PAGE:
SAUSSUREA de Candolle Ann. Mus. Natl. Hist. Nat.. 16: 156, 196, plates 10–13. 1810.
Saw-wort [For Nicolas Théodore (1767–1845) and Horace Bénédict (1740–1799) de Saussure, Swiss naturalists]
David J. Keil,
Perennials, 5–120+ cm; herbage tomentose or glabrescent, not spiny. Stems erect or ascending, simple or branched. Leaves basal or cauline (sometimes cauline only), sessile or petiolate; blade margins entire or dentate to pinnately lobed, faces glabrous to densely tomentose, glandular or eglandular. Heads discoid, borne singly or in corymbiform arrays. Involucres ovoid to campanulate or ± turbinate. Phyllaries many in 3–5(–10+) series, subequal to strongly unequal, appressed or not, ovate to lanceolate, margins entire, toothed, or lobed, apices obtuse or acute, appendaged or not, not spine-tipped. Receptacles flat or convex, epaleate, smooth, usually subulate-scaly, sometimes bristly or naked. Florets 10–20; corollas white to blue or purple, tubes slender, abruptly expanded to throats, lobes linear; anther bases short-tailed, apical appendages linear, acute; style branches: fused portions with minutely hairy subterminal nodes, distinct portions oblong to linear, short-papillate. Cypselae oblong, ± angled, cylindric or 4–5-angled, ribs (when present) smooth or roughened, apices entire, glabrous or minutely glandular, attachment scars basal; pappi usually of 2 series, outer of readily falling, short bristles, inner persistent or falling as unit, of basally connate, usually longer, plumose bristles. x = 13, 14, 16, 17, 18, 19?.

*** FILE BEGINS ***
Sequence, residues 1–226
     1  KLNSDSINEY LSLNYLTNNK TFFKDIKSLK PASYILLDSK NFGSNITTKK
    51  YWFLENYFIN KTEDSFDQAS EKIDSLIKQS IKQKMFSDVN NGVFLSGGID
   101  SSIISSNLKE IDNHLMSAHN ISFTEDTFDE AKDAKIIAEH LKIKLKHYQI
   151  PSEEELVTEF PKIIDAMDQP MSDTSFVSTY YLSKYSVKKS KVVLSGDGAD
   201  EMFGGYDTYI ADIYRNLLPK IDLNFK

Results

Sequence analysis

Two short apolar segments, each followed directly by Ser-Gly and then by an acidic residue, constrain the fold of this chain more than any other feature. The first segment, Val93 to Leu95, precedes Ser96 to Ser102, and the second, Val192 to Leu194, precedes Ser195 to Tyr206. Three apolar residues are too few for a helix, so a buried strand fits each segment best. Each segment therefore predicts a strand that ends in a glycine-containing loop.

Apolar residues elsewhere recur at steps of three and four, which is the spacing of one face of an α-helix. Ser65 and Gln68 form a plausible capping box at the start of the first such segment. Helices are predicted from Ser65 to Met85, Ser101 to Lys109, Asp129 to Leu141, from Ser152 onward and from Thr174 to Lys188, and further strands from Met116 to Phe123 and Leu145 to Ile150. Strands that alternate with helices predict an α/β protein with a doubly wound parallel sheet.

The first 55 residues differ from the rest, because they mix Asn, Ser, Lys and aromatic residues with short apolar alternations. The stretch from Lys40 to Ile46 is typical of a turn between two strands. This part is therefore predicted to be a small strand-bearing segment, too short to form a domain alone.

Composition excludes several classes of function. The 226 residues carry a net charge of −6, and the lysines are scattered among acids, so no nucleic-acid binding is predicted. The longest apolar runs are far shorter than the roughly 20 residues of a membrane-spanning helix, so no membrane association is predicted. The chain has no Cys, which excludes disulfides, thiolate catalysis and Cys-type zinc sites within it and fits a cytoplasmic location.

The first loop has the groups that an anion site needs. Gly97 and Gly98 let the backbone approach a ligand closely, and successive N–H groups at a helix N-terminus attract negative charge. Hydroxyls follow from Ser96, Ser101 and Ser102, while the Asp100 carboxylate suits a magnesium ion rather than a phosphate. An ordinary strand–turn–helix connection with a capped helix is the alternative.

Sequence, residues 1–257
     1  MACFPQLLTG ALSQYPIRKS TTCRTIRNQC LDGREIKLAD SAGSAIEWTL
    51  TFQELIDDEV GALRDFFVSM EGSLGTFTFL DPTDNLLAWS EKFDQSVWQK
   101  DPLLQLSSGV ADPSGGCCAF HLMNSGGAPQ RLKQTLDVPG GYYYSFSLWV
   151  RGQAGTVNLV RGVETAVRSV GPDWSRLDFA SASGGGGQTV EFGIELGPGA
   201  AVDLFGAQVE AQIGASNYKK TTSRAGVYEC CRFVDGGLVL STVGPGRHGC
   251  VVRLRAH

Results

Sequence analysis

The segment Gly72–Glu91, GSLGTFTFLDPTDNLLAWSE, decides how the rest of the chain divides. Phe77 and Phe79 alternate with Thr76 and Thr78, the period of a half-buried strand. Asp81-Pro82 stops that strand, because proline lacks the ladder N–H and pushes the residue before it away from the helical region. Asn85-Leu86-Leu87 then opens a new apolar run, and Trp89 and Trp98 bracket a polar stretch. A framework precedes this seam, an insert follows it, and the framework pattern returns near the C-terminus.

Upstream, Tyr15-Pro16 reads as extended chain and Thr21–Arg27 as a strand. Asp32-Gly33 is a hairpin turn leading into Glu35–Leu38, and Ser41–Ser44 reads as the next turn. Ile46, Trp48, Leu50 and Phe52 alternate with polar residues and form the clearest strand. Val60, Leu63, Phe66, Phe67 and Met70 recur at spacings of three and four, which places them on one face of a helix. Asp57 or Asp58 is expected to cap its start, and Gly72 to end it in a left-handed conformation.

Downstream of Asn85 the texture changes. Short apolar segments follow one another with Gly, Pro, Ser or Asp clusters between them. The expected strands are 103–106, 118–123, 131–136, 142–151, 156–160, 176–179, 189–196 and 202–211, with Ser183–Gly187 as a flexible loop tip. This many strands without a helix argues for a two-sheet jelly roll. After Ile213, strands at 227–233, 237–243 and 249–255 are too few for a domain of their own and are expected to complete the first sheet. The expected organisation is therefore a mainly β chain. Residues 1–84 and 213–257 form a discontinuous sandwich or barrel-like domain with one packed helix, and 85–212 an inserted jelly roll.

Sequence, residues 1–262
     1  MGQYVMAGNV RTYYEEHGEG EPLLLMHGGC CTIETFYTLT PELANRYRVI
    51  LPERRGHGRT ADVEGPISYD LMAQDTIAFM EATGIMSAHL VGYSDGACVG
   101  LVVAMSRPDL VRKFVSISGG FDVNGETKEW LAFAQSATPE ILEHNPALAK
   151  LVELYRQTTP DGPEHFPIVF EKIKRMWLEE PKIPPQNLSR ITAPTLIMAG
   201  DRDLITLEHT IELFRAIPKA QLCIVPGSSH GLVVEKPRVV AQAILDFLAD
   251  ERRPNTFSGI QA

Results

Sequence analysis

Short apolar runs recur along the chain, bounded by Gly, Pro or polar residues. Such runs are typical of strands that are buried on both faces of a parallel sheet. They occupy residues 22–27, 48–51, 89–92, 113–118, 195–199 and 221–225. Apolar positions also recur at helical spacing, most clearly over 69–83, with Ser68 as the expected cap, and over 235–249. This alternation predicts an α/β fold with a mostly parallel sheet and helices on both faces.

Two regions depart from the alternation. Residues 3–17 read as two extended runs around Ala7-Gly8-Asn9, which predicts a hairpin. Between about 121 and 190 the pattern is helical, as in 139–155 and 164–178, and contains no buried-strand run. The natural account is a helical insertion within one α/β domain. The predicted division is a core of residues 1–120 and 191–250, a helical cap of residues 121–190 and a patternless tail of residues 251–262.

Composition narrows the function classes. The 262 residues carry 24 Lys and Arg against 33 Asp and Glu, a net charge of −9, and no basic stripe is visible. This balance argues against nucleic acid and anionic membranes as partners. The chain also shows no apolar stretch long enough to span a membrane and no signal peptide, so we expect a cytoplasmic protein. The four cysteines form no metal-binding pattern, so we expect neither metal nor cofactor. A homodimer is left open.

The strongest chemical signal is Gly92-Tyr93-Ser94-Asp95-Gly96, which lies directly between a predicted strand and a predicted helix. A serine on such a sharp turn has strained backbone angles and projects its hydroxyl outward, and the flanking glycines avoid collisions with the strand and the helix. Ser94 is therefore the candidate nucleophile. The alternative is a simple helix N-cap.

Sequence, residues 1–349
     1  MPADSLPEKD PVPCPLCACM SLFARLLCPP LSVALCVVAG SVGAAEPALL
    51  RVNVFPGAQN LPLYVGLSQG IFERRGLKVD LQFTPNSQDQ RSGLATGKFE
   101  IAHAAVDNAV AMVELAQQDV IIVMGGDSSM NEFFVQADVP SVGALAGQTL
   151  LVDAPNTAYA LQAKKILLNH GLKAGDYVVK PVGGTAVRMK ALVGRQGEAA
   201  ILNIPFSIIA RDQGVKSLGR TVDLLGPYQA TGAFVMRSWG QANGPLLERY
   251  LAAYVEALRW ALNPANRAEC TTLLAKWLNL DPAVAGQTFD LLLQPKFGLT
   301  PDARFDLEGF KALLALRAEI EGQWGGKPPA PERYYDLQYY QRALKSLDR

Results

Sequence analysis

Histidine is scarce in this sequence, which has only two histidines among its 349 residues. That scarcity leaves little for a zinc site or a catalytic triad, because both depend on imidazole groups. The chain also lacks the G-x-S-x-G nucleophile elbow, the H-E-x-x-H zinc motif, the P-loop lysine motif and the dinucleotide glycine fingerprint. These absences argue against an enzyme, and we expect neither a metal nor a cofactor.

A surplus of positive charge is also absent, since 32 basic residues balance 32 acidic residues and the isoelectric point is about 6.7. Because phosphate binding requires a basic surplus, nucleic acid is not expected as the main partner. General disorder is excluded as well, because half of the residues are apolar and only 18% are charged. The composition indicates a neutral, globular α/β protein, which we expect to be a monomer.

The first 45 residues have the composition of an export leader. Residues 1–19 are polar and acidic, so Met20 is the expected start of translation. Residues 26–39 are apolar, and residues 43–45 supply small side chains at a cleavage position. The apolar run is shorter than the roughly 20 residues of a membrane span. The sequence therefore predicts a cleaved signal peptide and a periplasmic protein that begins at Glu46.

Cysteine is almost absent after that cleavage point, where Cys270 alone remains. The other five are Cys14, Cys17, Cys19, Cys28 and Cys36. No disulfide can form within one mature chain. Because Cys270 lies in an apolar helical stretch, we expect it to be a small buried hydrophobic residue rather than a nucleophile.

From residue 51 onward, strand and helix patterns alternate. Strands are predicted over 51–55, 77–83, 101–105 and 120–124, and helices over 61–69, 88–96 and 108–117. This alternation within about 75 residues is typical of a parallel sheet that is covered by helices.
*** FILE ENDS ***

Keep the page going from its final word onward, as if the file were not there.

Species 300–400 (6 in the flora):North America; Eurasia; 1 in Australia.;
Saussurea is a notoriously difficult, largely Asiatic genus with species boundaries often indistinct.
Lipschitz, S. J. 1979. Rod Saussurea DC. (Asteraceae). Leningrad.
|1.||Outer and mid phyllaries with toothed or lobed appendages||6. Saussurea amara|
|1.||Outer and mid phyllaries entire, without appendages.||(2.)|
|2.||Proximal leaves ovate to lanceolate, usually more than 30 mm wide, bases broadly obtuse to truncate or cordate; plants 30–120 cm.||(3.)|
|3.||Cauline leaves usually more than 20, finely to ± coarsely serrate or dentate; s Alaska and Yukon to California, Idaho, and Montana||1. Saussurea americana|
|3.||Cauline leaves usually 15 or fewer, coarsely laciniate-dentate; nw Alaska||2. Sausserea triangulata|
|2.||Proximal leaves linear to elliptic, 2–25 mm wide, bases acute to acuminate; plants 3–40 cm.||(4.)|
|4.||Phyllaries subequal, linear to lanceolate; receptacles naked||4. Saussurea nuda|
|4.||Phyllaries strongly unequal, the outer ovate to lanceolate, conspicuously shorter than inner; receptacles scaly.||(5.)|
|5.||Tips of outer and mid phyllaries acute; Alaska and nw Canada||3. Saussurea angustifolia|
|5.||Tips of outer and mid phyllaries ± rounded; Rocky Mountains||5. Saussurea weberi|